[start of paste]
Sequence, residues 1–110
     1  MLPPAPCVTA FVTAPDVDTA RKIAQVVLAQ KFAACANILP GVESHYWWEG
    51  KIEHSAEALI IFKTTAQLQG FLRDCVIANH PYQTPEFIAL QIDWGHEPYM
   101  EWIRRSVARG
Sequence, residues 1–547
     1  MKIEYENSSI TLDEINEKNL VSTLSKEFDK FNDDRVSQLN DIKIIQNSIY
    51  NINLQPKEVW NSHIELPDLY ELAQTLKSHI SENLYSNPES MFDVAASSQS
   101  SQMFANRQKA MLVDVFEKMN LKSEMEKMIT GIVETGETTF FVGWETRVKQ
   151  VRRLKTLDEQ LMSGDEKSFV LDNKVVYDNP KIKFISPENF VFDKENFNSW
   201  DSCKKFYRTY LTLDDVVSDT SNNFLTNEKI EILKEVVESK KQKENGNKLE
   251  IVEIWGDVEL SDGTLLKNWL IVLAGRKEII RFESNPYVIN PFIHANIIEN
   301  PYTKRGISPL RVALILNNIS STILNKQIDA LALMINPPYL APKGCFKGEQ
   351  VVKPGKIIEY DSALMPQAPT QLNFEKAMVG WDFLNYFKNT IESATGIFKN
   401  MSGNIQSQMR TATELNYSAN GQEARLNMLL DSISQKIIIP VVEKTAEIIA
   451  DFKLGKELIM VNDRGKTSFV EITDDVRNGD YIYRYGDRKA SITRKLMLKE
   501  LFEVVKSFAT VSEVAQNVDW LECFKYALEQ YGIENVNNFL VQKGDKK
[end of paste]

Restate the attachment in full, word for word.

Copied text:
Sequence, residues 1–110
     1  MLPPAPCVTA FVTAPDVDTA RKIAQVVLAQ KFAACANILP GVESHYWWEG
    51  KIEHSAEALI IFKTTAQLQG FLRDCVIANH PYQTPEFIAL QIDWGHEPYM
   101  EWIRRSVARG
Sequence, residues 1–547
     1  MKIEYENSSI TLDEINEKNL VSTLSKEFDK FNDDRVSQLN DIKIIQNSIY
    51  NINLQPKEVW NSHIELPDLY ELAQTLKSHI SENLYSNPES MFDVAASSQS
   101  SQMFANRQKA MLVDVFEKMN LKSEMEKMIT GIVETGETTF FVGWETRVKQ
   151  VRRLKTLDEQ LMSGDEKSFV LDNKVVYDNP KIKFISPENF VFDKENFNSW
   201  DSCKKFYRTY LTLDDVVSDT SNNFLTNEKI EILKEVVESK KQKENGNKLE
   251  IVEIWGDVEL SDGTLLKNWL IVLAGRKEII RFESNPYVIN PFIHANIIEN
   301  PYTKRGISPL RVALILNNIS STILNKQIDA LALMINPPYL APKGCFKGEQ
   351  VVKPGKIIEY DSALMPQAPT QLNFEKAMVG WDFLNYFKNT IESATGIFKN
   401  MSGNIQSQMR TATELNYSAN GQEARLNMLL DSISQKIIIP VVEKTAEIIA
   451  DFKLGKELIM VNDRGKTSFV EITDDVRNGD YIYRYGDRKA SITRKLMLKE
   501  LFEVVKSFAT VSEVAQNVDW LECFKYALEQ YGIENVNNFL VQKGDKK